Step five: Add salt and pepper. Pour off excess fat if you want to. Put it into a gravy boat and serve it with a ladle.

Truly good, clean gravy is the secret to many things—good food, a happy marriage (as much because it makes me happy), and children who love to eat. It makes good leftovers, too. The next day, make some toast, add some leftover chicken or turkey. Put gravy on top and microwave it until the gravy is hot and melted. Heaven!

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12 Responses to How to Make Amazing Gravy from Scratch

  1. Lori November 25, 2009 at 10:38 am #

    This is just how I learned to make gravy from Mom and Grandma! It is the best!!! Thanks for sharing and have a wonderful Thanksgiving. I love reading your blog! :)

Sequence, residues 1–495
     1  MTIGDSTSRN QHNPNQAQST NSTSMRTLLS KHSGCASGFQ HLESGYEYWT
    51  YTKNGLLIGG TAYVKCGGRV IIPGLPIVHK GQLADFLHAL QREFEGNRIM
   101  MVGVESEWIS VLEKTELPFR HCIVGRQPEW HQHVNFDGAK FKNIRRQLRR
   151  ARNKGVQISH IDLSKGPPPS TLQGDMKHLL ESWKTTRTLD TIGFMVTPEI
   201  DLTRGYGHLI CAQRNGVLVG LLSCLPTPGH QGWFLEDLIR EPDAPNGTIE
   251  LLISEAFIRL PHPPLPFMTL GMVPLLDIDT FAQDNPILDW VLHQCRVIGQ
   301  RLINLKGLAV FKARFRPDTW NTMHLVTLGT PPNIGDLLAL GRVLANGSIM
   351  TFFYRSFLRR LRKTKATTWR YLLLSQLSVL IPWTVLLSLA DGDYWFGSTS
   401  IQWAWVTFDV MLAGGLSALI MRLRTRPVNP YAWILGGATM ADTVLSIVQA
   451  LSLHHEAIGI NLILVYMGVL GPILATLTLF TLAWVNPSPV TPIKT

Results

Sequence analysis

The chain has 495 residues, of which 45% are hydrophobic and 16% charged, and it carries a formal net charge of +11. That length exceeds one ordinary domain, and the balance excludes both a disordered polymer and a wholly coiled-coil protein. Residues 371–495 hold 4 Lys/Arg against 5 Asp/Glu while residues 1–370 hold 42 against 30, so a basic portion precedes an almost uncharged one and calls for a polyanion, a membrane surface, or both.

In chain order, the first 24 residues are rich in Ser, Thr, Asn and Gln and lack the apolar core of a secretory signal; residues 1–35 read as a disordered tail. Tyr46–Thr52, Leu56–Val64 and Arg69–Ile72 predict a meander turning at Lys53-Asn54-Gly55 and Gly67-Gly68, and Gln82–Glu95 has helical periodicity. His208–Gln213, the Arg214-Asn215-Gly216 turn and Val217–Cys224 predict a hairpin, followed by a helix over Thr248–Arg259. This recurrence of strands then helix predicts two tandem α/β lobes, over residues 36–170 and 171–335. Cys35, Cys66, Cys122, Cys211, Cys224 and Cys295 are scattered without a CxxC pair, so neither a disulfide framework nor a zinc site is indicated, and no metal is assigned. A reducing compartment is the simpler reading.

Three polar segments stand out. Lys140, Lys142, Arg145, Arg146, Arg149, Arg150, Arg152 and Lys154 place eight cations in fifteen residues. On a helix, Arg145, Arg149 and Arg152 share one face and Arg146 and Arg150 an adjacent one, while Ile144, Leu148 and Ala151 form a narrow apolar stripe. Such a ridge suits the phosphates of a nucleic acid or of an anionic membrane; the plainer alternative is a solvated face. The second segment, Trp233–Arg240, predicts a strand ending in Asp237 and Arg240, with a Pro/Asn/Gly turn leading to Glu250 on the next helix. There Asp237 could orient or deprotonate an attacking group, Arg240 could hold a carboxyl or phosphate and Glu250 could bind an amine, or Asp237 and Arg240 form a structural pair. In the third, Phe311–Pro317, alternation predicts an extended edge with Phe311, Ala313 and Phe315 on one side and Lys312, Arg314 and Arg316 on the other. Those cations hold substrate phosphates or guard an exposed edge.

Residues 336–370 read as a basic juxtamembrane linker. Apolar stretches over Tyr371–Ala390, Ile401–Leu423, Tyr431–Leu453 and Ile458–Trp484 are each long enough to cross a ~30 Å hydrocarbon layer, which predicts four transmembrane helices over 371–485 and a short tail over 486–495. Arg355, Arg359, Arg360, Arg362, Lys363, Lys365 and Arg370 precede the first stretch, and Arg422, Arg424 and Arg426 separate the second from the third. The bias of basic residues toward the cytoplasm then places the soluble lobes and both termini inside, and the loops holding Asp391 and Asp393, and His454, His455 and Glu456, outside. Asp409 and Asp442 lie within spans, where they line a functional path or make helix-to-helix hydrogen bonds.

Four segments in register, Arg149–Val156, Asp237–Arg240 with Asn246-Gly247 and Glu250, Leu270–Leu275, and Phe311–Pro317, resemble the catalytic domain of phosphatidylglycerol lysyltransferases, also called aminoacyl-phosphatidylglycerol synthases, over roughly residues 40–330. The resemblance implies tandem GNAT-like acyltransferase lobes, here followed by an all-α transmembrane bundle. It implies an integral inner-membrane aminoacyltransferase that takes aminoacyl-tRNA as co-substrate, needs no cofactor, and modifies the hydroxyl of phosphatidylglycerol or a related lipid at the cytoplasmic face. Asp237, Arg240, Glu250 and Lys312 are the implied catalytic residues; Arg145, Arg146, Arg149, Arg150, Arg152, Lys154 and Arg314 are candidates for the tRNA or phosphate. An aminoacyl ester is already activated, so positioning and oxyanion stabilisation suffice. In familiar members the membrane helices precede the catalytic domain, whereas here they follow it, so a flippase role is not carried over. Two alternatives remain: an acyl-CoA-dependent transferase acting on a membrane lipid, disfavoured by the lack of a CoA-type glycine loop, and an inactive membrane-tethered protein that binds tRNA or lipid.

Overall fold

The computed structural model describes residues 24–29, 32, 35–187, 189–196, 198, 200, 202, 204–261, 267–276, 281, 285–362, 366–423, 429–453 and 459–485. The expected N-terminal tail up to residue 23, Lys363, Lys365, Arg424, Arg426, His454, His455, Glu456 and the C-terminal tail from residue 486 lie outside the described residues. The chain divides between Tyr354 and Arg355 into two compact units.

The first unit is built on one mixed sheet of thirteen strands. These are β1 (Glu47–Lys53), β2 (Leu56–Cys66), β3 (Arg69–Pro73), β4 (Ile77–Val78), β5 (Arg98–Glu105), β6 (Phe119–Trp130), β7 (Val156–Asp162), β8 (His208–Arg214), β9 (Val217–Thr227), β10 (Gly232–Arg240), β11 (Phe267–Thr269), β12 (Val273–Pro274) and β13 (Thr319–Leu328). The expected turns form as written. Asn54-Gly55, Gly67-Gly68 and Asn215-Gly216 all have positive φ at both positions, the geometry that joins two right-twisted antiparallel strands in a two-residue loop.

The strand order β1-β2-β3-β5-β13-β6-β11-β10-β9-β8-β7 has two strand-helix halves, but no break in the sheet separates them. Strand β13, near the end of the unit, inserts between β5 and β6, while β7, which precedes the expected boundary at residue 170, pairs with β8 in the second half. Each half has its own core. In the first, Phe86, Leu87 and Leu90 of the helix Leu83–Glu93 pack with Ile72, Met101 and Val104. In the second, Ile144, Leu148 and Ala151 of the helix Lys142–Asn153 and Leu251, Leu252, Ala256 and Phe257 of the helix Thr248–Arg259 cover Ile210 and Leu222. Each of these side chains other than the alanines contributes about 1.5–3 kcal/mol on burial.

2. Jean Nick November 25, 2009 at 11:18 am #

    Don’t even THINK about trying this with a Pyrex baking pan. My first husband did once and it broke a neat, burner-sized circle out of the bottom and all the lovely greasy juice excaped all over and into the stove…we were still cleaning it up a week later…and we had no gravy :-(

  3. Jessi Lynn November 25, 2009 at 11:27 am #

    Man, after reading this I can’t wait for tomorrow… I could bathe in gravy.

  4. Dawn P November 25, 2009 at 11:51 am #

    I usually add a chopped onion to my roasting pan before I put the turkey in. It adds some extra flavor to the gravy. I’ve also found that putting the flour and water in a jar, and covering it with a cap, allows me to shake the mixture, and I’m assured of no lumps. Gold Medal also makes a sauce and gravy flour mix, called Wondra, that makes smooth gravy. I usually strain my gravy as I add it to the gravy boat. No matter how you make it, it is one of the best parts of the meal. Happy Thanksgiving everyone. We all have so much to be thankful for!